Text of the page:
Today, the help of Anna Llewellyn, a Poliovirus policewoman, helps hide Type 2 Containment Officer at the CDC. Since this polio strain is extinct in the wild and only outbreaks (which are not caused by vaccines) only in type 1 and 3, the living virus remains only in a few places. It stands under the roofs of vaccine manufacturers, in laboratories that conduct polio research, in people who suffer from chronic infections, and especially in facilities that do not recognize the viruses lurking in their frozen specimens. "Labs do not know that they have polio materials because they collect and test other viruses or parasites or bacteria," says Mark Pallansch, director of the CDC viral diseases department.

If these labs were carrying feces, respiratory or sewage samples from places where polio was circulating, they might accidentally have poliovirus on their hands. And if they either have no safety record for such a dangerous disease or do not follow their own protocols, it could come to a viral escape. Errors of this sort are not unknown: An article from the year 2018 Guardian revealed, for example, that scientists at the University of Bristol accidentally sent a live dengue virus to the post office because the person packing the material had, had no idea Live Dengue. "The investigation said it was just one of more than 40 laboratory mishaps that the UK Health and Safety Executive studied between 2015 and 2017. This table shows the date and location of outbreaks of wild poliovirus and the times when every country has live virus vaccinations, and labs around the world can search the database and see if their samples may come from a polio-prone area. "Each country has either completed or is in the process of conducting these surveys," says Lllewellyn.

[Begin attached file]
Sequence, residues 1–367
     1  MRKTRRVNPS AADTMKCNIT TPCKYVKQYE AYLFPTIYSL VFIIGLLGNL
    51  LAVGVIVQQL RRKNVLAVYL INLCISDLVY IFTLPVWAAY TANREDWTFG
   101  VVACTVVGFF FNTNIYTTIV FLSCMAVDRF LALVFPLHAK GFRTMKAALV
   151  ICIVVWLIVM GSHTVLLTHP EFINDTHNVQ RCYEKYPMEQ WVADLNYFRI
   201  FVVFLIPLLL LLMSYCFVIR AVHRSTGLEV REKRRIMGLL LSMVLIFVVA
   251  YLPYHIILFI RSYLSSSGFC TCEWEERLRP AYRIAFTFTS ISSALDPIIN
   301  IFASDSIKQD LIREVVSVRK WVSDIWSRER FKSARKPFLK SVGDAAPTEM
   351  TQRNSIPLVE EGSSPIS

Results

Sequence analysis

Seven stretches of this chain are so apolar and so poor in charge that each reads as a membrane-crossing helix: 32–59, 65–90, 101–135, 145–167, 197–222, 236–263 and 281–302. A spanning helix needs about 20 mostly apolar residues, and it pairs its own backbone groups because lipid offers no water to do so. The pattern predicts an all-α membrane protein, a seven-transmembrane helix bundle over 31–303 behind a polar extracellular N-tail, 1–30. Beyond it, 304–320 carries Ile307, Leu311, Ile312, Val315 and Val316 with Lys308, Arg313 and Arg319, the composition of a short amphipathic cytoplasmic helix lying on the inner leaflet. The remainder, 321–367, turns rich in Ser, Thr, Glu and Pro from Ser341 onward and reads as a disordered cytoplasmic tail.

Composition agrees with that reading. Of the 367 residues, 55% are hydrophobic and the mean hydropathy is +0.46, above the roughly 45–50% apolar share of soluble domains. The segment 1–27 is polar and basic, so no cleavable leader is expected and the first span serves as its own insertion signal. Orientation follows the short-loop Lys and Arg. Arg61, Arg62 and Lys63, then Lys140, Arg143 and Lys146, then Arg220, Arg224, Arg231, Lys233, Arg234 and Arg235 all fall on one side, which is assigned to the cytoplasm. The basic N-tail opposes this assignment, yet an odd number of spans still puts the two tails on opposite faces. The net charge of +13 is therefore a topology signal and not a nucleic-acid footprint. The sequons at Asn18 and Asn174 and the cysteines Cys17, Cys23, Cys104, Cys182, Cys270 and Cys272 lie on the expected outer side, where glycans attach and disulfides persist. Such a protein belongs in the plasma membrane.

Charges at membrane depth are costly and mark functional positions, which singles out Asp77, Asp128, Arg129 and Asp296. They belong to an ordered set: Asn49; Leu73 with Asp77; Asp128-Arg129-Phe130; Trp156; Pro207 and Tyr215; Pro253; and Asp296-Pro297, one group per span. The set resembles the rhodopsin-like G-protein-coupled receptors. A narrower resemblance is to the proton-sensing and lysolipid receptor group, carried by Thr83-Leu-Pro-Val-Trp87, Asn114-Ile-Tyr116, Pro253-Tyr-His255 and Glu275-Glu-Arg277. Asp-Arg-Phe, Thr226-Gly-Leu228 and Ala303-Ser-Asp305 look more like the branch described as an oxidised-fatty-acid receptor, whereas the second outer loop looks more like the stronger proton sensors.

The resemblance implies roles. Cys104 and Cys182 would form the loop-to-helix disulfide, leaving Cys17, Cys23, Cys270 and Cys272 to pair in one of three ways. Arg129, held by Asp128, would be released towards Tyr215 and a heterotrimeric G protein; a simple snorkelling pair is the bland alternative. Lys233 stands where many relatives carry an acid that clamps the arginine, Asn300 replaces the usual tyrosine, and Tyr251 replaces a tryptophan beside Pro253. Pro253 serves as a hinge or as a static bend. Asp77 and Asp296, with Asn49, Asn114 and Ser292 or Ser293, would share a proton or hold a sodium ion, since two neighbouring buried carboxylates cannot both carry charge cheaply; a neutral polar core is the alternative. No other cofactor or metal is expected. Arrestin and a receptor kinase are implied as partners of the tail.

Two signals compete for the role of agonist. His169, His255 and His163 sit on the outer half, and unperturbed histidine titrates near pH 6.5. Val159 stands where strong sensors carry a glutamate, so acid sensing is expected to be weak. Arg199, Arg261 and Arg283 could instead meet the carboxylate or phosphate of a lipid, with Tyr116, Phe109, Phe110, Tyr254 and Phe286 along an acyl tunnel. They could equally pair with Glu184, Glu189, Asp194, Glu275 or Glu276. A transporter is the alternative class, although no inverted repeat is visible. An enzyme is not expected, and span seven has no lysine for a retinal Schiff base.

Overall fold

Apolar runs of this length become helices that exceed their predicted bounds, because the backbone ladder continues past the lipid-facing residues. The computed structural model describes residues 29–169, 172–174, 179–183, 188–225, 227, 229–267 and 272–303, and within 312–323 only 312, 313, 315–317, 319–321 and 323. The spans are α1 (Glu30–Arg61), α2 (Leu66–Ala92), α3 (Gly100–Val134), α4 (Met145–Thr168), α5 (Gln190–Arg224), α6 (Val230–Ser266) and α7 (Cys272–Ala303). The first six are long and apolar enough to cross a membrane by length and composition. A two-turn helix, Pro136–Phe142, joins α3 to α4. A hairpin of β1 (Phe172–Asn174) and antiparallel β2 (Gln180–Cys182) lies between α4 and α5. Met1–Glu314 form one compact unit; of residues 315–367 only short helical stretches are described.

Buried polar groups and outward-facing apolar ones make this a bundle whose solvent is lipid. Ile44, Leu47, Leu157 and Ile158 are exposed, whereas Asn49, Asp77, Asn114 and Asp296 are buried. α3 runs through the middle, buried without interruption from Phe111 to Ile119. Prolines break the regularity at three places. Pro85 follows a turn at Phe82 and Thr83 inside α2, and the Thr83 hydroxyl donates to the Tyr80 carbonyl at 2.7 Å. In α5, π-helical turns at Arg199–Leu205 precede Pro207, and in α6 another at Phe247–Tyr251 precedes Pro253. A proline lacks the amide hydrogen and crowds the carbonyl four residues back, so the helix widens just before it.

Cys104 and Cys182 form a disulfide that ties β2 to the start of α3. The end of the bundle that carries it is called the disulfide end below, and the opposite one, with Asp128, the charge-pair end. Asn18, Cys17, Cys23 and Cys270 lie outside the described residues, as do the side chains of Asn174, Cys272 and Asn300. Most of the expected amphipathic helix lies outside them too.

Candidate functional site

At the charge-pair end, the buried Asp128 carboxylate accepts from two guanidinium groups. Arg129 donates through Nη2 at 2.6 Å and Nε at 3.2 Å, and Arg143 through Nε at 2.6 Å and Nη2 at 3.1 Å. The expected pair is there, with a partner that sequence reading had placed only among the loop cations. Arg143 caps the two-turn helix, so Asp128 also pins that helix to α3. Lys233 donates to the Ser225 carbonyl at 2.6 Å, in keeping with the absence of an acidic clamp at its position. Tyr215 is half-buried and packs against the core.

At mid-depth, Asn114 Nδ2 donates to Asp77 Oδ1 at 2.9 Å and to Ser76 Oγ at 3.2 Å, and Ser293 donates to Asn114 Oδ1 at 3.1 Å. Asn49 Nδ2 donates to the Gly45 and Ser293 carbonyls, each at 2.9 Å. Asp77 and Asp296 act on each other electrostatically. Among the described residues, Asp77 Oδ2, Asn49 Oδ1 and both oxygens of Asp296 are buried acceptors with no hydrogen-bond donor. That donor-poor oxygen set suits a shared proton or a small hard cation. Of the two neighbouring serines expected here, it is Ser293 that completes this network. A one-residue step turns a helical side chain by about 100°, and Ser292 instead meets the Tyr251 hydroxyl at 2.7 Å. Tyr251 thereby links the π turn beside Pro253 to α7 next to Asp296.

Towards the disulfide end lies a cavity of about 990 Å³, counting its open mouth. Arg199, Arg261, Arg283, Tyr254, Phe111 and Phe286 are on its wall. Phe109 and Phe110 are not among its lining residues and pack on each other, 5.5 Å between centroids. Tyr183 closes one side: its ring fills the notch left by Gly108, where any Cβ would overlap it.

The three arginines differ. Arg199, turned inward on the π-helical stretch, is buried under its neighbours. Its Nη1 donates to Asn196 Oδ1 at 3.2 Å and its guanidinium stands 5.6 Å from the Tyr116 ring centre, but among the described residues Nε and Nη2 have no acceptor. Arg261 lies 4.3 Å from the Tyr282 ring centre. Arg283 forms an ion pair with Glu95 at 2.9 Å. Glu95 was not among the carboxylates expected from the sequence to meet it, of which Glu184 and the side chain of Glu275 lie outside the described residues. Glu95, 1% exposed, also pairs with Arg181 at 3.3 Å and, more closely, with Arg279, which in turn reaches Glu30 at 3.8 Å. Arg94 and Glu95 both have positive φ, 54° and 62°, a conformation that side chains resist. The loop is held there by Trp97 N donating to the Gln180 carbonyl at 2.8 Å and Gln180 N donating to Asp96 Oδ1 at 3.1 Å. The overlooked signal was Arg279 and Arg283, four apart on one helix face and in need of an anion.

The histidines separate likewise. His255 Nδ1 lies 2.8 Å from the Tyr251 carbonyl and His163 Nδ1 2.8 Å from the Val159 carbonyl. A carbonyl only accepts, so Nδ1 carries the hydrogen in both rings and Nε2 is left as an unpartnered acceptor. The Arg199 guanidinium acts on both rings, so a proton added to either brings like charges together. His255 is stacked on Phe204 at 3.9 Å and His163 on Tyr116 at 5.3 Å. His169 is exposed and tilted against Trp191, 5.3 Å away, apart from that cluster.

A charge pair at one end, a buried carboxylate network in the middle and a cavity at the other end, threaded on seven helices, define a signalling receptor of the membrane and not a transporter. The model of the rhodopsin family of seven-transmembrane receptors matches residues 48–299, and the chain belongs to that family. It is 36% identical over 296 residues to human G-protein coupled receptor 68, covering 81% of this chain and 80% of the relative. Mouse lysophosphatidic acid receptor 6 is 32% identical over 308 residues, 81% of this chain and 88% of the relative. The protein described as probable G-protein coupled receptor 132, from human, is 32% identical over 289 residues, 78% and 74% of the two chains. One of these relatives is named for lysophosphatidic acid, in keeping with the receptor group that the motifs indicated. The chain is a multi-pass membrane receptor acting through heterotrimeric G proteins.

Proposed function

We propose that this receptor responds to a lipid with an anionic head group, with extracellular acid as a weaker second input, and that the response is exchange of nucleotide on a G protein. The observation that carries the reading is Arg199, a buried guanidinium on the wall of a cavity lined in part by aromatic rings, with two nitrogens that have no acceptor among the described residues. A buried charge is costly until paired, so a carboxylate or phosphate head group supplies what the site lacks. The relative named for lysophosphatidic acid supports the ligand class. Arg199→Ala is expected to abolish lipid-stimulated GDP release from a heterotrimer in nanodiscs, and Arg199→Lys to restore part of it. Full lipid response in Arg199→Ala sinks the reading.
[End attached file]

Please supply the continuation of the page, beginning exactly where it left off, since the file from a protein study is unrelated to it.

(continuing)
In some laboratories that may have unwittingly collected polioviruses, the process is initially considered invasive, but to contain an infectious agent is a certain goal. "Nobody wants to be the guy, the polio back to the world Nobody wants paralyzed children. "

Still, it's a new process and not easy." Containment in general And this part in particular is a ship being sailed while we build it, "she continues. When researchers find potentially infectious samples, they have three options: the lab can destroy them, send them to another lab that will contain them, or become what the World Health Organization calls "poliovirus essential may own the virus. Some labs need polio to keep them vaccinated and diagnosed.

The less such spots, the better. "Wherever there are live viruses, there is still the risk that these special facilities will run out," says Pallansch. Pallansch's colleague, Steve Oberste, runs a CDC lab that is one of 78 key facilities in 26 countries. He was the second center worldwide that jumped through the first frame of a global commission: getting a certificate of attendance. Then comes the "interim" certification and finally the actual deal.

Nobody has gotten that yet – partly because it's a capital process. A document called Global Action Plan III contains the necessary safeguards the labs need to take, including some that you might expect (and pages and pages that you can read yourself): Keep the Type 2 virus locked and restricted Access. Allow access to inventory records only to those who need them. Keep Type 2 completely separate from the other types. Do you know what you would do when the worst – decontainment – happened. Assign a "Biorisk" manager. "There are many such pieces," says Colonel, "where you have to be prepared to go beyond what a lab would do – even what a good lab would do."

But now, when polio has finally almost disappeared, the most important time to lockdown the few remaining death agents. "We are about to realize the extermination, which is a truly rare moment in the spectrum of humanity, to say that we can wipe the face of the earth, causing so much suffering," says Llewellyn. "The closer we get, the more devastating would be a release."

Lockdown, however, feels instantaneous. "2019: the year of containment," she says. "You heard it here first."